Lesson number one: you cannot ‘not’ communicate everything about what you communicate: what you wear, what you eat, what you drive, what you say, what you do, everything. If you enter the office looking like that, or if you come to the school to pick up your kids looking like that, you might think that you are all so busy, all so cool, a top performer, but chances are that your colleagues or your kids will think, ‘Huh, whatever is on that screen is more important than me.’

I don’t know about you but I’ve been that person, you know, to my kids when I pick them up from candy or… and then they say; “Can you please turn off the phone when you pick us up, daddy.” It doesn’t feel so good when you hear that. First lesson.

Second: you cannot say what you mean. Our brains are not computers. We don’t have linear thought processes. We are messy, so whatever comes out is not exactly what you intended, and it gets worse because every one of you have your own interpretation, or what I’ve just been saying, and that goes for you as well. Everyone. And depending on your own filters, you will have different memories of what I’ve been saying afterwards.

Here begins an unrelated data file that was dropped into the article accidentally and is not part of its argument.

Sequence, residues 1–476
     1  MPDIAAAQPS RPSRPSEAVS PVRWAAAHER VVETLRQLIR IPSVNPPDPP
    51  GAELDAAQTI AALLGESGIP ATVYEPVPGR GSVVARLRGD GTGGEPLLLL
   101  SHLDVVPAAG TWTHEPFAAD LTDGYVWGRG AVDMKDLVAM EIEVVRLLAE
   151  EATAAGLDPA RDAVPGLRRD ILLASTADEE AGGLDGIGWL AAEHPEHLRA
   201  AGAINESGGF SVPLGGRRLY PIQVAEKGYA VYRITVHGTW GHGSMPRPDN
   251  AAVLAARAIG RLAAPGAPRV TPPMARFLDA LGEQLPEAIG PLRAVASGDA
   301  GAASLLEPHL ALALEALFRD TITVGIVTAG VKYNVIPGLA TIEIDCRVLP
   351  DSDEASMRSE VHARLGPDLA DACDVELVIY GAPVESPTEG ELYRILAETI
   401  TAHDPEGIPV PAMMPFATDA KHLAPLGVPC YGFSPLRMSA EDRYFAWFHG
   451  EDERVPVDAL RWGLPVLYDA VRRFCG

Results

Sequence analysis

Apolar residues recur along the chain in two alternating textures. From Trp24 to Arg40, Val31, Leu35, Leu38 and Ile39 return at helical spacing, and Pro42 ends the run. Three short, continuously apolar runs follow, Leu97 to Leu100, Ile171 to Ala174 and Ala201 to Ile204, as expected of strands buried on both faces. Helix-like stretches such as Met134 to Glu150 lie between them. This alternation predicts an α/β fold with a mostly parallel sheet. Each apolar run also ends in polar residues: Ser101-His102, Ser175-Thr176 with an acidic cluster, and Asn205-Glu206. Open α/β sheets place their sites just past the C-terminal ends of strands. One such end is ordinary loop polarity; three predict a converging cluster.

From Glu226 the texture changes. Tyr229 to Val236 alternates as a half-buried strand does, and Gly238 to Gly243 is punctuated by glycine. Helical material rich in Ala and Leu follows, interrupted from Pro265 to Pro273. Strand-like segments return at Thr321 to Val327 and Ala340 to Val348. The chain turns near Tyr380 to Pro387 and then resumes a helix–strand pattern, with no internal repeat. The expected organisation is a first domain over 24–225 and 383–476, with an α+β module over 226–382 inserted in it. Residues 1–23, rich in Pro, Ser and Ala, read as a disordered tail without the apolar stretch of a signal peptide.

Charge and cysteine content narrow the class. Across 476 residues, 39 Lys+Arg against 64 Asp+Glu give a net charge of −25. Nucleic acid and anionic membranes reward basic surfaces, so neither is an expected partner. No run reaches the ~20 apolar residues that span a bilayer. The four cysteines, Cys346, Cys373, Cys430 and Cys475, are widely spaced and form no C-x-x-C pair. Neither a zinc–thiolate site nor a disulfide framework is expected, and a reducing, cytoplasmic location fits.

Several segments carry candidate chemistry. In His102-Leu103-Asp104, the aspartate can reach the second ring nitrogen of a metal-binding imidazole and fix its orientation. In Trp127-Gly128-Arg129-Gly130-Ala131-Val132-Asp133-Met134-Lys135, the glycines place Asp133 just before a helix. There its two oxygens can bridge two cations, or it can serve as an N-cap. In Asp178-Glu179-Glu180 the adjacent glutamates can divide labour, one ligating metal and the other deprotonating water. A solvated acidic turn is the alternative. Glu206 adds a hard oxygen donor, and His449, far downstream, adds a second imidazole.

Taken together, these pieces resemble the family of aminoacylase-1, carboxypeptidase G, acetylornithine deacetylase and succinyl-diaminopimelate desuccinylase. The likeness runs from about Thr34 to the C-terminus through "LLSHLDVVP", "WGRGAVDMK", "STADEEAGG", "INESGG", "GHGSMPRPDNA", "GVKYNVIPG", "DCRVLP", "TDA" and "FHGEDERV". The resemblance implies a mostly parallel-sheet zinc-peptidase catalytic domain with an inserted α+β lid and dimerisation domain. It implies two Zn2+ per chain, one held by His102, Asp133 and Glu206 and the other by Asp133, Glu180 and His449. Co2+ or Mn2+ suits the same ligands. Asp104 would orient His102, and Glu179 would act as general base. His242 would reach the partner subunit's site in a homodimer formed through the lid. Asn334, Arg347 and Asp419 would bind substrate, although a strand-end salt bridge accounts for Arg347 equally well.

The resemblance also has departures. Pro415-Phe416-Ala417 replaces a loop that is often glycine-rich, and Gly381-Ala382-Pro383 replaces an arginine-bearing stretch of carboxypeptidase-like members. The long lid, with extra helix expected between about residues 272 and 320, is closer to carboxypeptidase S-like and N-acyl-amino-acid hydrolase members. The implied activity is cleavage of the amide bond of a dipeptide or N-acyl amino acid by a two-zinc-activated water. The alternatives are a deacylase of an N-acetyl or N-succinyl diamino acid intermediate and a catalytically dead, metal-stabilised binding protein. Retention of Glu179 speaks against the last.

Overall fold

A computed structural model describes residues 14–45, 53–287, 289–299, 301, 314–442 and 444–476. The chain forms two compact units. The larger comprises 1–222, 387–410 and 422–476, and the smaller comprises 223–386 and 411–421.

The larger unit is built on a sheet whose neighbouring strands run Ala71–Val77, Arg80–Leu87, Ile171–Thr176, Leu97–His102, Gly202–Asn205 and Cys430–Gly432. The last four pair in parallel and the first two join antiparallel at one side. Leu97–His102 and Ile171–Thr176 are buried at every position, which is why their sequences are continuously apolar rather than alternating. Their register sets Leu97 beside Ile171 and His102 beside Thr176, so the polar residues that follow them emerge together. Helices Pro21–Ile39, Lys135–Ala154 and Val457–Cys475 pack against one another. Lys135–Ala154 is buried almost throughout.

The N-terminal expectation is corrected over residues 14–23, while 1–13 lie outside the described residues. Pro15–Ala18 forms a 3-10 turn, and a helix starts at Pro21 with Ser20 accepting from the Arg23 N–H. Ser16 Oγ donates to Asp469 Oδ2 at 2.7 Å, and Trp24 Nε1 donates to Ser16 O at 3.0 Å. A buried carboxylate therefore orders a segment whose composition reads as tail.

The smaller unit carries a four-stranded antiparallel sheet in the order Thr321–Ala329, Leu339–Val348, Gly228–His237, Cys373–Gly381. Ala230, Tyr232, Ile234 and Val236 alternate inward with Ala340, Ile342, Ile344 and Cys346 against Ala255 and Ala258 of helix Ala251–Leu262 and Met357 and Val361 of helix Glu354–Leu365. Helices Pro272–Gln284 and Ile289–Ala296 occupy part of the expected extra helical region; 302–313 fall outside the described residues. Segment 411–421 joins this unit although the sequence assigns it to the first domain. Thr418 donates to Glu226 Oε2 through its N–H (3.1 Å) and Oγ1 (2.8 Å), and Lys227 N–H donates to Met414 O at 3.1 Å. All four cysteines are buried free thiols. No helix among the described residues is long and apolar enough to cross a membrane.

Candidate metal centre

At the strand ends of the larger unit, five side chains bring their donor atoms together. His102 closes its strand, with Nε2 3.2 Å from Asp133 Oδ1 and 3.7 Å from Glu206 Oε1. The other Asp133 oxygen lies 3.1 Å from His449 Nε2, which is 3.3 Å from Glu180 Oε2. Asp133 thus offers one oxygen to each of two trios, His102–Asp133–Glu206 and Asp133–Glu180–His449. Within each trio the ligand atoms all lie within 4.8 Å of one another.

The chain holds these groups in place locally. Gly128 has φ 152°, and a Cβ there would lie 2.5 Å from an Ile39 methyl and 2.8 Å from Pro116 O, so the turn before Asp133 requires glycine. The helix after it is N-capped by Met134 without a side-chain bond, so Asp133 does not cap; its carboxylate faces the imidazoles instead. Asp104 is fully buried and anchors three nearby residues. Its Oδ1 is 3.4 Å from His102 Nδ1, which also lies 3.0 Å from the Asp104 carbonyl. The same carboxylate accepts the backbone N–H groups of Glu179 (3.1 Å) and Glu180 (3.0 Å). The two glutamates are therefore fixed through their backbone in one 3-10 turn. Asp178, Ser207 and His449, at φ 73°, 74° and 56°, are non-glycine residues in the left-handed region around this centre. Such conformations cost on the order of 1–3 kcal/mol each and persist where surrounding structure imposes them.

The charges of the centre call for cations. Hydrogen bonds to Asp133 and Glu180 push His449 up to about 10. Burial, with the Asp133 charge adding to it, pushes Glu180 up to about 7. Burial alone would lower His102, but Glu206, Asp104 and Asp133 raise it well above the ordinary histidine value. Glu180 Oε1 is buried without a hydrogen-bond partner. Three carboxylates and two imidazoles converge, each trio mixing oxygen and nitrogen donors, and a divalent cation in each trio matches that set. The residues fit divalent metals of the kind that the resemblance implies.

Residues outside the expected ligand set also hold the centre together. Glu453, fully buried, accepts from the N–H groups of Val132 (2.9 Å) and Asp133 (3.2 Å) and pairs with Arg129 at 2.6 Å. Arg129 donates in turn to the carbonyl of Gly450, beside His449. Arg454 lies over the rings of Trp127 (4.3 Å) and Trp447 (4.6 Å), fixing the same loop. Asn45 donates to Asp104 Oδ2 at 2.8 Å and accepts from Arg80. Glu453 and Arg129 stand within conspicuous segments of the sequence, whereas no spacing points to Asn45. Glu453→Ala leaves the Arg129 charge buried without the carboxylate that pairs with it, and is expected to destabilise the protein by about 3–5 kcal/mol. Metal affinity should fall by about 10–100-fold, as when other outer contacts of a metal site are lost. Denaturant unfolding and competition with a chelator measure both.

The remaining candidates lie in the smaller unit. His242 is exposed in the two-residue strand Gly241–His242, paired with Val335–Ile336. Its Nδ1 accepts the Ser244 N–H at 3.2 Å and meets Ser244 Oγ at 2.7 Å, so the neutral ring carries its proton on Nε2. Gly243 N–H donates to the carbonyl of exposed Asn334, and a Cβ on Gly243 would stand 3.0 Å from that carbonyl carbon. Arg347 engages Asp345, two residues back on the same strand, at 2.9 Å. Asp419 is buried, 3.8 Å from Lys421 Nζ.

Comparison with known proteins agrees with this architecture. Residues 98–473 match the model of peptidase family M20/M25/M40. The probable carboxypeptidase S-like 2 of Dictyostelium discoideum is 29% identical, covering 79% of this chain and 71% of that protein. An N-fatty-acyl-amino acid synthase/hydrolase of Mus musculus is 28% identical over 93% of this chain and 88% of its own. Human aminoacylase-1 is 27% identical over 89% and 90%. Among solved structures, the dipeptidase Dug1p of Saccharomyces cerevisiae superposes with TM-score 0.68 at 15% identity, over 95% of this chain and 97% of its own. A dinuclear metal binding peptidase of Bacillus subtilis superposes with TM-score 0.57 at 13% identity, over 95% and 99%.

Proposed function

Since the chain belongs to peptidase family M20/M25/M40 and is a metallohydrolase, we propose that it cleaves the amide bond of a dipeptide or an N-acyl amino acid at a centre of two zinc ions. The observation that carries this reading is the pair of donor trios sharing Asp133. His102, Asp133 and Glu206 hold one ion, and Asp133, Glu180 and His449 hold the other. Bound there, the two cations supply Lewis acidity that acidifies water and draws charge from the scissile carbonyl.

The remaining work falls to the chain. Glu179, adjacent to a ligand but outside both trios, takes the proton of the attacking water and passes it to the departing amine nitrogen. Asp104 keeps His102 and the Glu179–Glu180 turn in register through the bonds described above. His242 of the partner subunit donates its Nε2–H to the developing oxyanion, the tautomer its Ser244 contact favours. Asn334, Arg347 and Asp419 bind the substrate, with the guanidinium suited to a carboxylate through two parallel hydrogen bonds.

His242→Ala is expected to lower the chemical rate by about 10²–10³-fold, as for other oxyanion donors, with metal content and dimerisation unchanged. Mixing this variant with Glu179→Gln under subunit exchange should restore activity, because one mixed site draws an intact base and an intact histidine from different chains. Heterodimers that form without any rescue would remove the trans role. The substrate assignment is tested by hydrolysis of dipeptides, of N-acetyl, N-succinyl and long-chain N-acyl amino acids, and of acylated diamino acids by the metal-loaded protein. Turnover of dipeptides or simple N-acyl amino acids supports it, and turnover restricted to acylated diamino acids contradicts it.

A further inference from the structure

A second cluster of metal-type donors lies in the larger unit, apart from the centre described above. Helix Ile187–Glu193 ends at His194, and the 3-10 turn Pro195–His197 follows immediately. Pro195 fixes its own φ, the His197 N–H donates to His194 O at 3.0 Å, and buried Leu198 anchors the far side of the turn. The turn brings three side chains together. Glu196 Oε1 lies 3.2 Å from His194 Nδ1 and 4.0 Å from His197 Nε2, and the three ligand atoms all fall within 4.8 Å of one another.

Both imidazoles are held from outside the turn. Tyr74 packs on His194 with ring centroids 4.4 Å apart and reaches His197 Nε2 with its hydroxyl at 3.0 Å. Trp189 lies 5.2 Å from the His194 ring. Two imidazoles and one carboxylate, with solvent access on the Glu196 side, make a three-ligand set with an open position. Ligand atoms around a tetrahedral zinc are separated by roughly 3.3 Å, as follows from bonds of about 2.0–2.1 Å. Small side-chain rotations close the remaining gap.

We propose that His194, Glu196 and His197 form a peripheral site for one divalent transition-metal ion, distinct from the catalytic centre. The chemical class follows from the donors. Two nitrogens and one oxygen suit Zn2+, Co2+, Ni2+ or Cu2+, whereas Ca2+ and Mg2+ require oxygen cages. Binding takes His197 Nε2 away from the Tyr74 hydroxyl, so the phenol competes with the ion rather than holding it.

Take that with you as well, and let’s go to lesson number three. You have a power; you can make people feel the way you want them to feel. What you think, what you say, what you do will affect not only how you feel, but also how they feel, which will affect how well they perform.

So, be careful what thoughts and words and actions you cultivate because they will make an impact. If you praise me, I’ll get happy. If you cry, I’ll get sad. If you show me 51 boring corporates’ PowerPoint slides, I’ll get sleepy. Cause-and-effect. So those were three universal ones, generic ones.

Let’s go into some more practical ones, hands-on lessons as well. Are you okay with that?

Okay, so now we have to look at, you know, what I mean with practical ones. Well, where do you really exercise your leadership on a day-to-day basis? If you’re a manager in an office environment, you spend at least half of your time in meetings. Am I right? Monday meetings, status meetings, project meetings, management team meetings, kickoff rallies, conferences, customer meetings, meetings, meetings, meetings all the time.

So, let’s put the next three lessons in a meeting context. And now you have to imagine, you have to imagine that you’re the head of product management for your company, and you just got an email from the VP of Sales and she apologizes and says; “Really sorry, I’m double-booked. In one hour, a new potential client will come to the office. Five people, the CEO, she will be there, the purchasing director, and some other people as well. And since I’m double-booked, you have to take care of this meeting. one hour from now.” That’s the scenario.